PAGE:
At the same time, Transition would identify historic mineralised waste piles (common at prospect-scale exploration targets) that it would concurrently retrieve and rehabilitate during site excavations, thereby making efficient use of exploration road and track networks and any heavy equipment used for this process.

New areas of disturbance by Transition (including RC/DD drill pads, RAB lines, costeans and retrieved mineralised waste piles) would be progressively rehabilitated in accordance with the Code of Environmental Compliance for Exploration Permits and Mineral Development Projects.

Examples of some of the hundreds of historical workings with mineralised waste piles identified throughout Transition’s tenements, earmarked for retrieval and rehabilitation.

REGIONAL INFRASTRUCTURE

ML90088 is approximately 2.3km by unsealed road from the all-weather (sealed) Cloncurry-Dajarra Road, which intersects with the Barkly Highway approximately 35km by road to the north. The regional township of Cloncurry is just 10km east of this intersection along the Barkly Highway which continues around 800km east to Townsville on the east coast of Queensland. From ML90088 to Cloncurry is an estimated total of 47.3km of predominately sealed all-weather road, resulting in an approximate driving time from ML90088 to the centre of the township of around 40 minutes.

Queensland Rail’s narrow gauge (1067mm) Mt Isa Line passes less than 1km to the east of ML90088 and the Marraba Train Station (not in current use) is located just 1.5km by road.

The township of Cloncurry has a permanent population of around 1,719 (2016 Census) and an unknown yet fluctuating number of transient (FIFO) workers. The town is well serviced by modern facilities and services including large regional hospital, separate medical centre, swimming pool, Woolworths & IGA supermarkets, retail shops, cafes, schools, law courts, police station, town hall, council offices, sporting facilities including lawn-bowls, service station, rail loading facilities, major fuel depot and storage area, racetrack, showgrounds, various cattle loading and competition facilities, motels, caravan parks and six pubs.

The Cloncurry airport is regularly serviced by QANTAS and Virgin Airlines using large jet aircraft and include direct flights from Townsville and Brisbane. Taxi, rail and bus services are also available.

DEVELOPMENT ACTIVITIES

Transition plans to utilise ML90088 as a handling and upgrading facility where it would sort, upgrade and load ore for transport to third parties.

Sorting and upgrading options include crushing, screening and mechanical separation of heavy minerals from the lighter waste rock via cyclone, Inline Pressure Jig (IPJ) or similar gravity methods. Field samples have been collected and test-work to determine an optimal process is ongoing.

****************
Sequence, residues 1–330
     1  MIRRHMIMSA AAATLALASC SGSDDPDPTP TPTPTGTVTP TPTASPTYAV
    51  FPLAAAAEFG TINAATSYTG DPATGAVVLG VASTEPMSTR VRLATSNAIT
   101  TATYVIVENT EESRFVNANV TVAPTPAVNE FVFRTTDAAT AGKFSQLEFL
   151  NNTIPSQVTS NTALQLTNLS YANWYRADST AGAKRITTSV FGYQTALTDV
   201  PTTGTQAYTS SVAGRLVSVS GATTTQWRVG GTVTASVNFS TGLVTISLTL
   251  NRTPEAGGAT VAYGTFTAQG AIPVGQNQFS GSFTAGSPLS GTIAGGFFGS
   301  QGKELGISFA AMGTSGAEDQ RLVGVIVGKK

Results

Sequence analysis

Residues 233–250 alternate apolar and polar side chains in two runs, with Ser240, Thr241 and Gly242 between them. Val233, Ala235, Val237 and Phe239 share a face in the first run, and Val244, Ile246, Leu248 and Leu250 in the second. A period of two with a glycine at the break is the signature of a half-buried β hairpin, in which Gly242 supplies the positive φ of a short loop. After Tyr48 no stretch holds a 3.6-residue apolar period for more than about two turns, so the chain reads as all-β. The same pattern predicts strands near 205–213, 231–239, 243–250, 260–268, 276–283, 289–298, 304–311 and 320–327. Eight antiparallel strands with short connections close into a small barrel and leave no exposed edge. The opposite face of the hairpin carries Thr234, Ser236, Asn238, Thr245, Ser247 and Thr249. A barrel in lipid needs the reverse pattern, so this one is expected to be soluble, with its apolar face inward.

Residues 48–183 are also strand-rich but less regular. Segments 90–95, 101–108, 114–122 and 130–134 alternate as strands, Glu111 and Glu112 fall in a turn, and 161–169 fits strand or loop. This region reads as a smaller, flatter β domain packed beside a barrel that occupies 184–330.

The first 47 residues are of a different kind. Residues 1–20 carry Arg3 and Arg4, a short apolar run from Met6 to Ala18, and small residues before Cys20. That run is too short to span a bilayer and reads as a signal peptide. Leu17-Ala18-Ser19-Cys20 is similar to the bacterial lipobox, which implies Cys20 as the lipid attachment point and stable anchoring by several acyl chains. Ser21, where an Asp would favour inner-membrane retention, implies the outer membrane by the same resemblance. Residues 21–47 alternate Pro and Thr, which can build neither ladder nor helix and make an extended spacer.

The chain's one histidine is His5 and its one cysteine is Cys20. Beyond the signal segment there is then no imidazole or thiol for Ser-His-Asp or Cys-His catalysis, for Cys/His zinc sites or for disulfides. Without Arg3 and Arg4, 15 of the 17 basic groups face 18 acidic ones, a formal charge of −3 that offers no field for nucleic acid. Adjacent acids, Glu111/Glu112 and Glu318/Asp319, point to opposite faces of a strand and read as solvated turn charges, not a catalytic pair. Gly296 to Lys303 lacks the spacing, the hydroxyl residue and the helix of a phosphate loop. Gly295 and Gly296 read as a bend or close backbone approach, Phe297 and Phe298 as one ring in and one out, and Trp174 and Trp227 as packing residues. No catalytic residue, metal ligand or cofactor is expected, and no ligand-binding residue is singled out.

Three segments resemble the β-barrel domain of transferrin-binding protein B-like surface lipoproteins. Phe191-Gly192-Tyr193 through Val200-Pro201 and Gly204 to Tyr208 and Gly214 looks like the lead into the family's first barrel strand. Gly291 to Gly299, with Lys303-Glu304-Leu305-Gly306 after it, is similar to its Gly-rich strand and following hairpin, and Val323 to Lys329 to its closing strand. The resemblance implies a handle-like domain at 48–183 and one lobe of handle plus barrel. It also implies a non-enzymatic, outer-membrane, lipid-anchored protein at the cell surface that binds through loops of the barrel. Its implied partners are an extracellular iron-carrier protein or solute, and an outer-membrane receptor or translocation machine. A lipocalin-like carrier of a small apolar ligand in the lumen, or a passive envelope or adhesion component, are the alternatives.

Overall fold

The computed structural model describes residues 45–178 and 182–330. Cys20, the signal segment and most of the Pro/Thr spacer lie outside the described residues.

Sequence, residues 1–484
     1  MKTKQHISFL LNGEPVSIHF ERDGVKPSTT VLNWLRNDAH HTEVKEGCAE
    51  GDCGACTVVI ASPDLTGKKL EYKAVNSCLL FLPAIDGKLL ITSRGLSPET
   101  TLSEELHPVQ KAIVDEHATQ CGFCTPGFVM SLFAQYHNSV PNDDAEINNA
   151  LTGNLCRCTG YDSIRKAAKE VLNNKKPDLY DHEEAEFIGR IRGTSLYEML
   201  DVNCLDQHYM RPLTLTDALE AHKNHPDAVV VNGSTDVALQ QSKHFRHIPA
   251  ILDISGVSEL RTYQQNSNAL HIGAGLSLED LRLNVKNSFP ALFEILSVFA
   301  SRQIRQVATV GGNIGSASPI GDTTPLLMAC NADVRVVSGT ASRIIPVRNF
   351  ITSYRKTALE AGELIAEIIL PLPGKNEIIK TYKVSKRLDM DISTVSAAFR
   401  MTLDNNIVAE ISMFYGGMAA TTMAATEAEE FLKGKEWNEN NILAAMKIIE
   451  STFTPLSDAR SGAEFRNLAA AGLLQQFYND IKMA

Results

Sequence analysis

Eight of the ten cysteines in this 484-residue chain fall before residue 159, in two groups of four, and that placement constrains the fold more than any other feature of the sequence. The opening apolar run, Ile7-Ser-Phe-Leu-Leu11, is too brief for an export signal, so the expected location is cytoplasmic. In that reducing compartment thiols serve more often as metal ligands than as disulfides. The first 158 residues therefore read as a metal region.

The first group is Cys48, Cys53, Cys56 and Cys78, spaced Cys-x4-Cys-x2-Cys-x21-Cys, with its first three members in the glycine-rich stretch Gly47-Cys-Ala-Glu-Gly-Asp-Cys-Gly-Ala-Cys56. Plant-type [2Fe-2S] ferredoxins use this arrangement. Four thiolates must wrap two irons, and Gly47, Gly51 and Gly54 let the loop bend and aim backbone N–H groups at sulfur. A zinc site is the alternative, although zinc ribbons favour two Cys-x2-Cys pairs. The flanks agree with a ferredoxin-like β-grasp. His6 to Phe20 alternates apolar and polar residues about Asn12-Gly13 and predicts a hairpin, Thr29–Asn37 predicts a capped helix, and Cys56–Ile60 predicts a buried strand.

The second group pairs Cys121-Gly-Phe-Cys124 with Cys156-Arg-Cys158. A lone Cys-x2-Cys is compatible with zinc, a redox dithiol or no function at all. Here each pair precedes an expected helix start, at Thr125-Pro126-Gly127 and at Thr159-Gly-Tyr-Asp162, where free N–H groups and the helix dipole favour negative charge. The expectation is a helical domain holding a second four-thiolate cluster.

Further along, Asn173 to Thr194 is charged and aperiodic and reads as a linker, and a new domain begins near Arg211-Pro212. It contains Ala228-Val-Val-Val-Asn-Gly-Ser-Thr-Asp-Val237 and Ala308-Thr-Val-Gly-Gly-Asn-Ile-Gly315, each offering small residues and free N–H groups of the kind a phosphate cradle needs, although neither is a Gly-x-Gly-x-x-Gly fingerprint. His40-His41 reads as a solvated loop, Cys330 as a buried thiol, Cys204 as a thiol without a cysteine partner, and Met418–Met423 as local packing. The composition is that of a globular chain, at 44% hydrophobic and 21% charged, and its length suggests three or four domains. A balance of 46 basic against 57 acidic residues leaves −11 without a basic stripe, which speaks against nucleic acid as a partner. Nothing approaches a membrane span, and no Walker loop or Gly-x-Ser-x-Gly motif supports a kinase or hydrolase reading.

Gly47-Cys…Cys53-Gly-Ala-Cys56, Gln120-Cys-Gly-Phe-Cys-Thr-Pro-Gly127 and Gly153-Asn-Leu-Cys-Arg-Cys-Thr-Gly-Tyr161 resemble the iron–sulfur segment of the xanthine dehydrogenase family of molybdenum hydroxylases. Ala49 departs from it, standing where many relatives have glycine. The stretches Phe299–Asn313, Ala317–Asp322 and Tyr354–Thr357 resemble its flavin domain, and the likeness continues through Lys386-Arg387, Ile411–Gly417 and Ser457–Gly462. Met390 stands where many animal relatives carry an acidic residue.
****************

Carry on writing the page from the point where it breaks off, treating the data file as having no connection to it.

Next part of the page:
Ore sale options include local buyers with deliveries via road haulage, or cross-state and international buyers via road and/or rail transport.

Studies indicate a moderately robust operation through simple and cost-effective sorting and crushing of the ore, with subsequent sales at a heavy discount to payable metal prices. Options to improve payable metal prices include upgrading the ore to a “low-grade” saleable concentrate (+/- 10% Cu). Upgrading the ore also provides flexibility in sale options, including to offshore buyers.

Operations Plan –Option 1

Operations Plan –Option 2

Site Infrastructure

Planned site infrastructure includes:

  • Access roads, site roads, haul roads and cattle grids.
  • Duck Creek seasonal water transfer pump, sump and surface pipeline (optional).
  • Water pumping stations, transfer pipes, tanks and standpipes (from Chinaman Mine pit).
  • Stormwater management including diversion culverts, and sediment ponds.
  • Mineralised waste pile sorting, load-in and load-out areas.
  • Dry crushing and sorting area (crushing and screening).
  • Wet classification and sorting area (optional).
  • Offices, gatehouse, potable water storage, ablutions and sewage facilities.
  • Workshops and service areas, stores, equipment parking, fuel storage and filling area.

Transport

Haulage of ore product from ML90088 load-out area would be by road-train to the nearby Cloncurry-Dajarra Road via the existing and previously used ML90088 access road (approximately 2.3km), then north to the Barkly Highway intersection (~35km), then east towards Cloncurry (~10km) and;

  • if local buyers, either turn north onto the Burke Development Road or continue east along the Barkly Highway to either of the buyer’s delivery location; or
  • if interstate or international buyers, continue to the Cloncurry rail load-out facility using the by-pass road, or continue through Cloncurry if continuing to Townsville for sale or export.

No new roads are proposed and upgrading of existing roads and tracks to suitable status for use would be undertaken as required within ML90088 and designated access areas.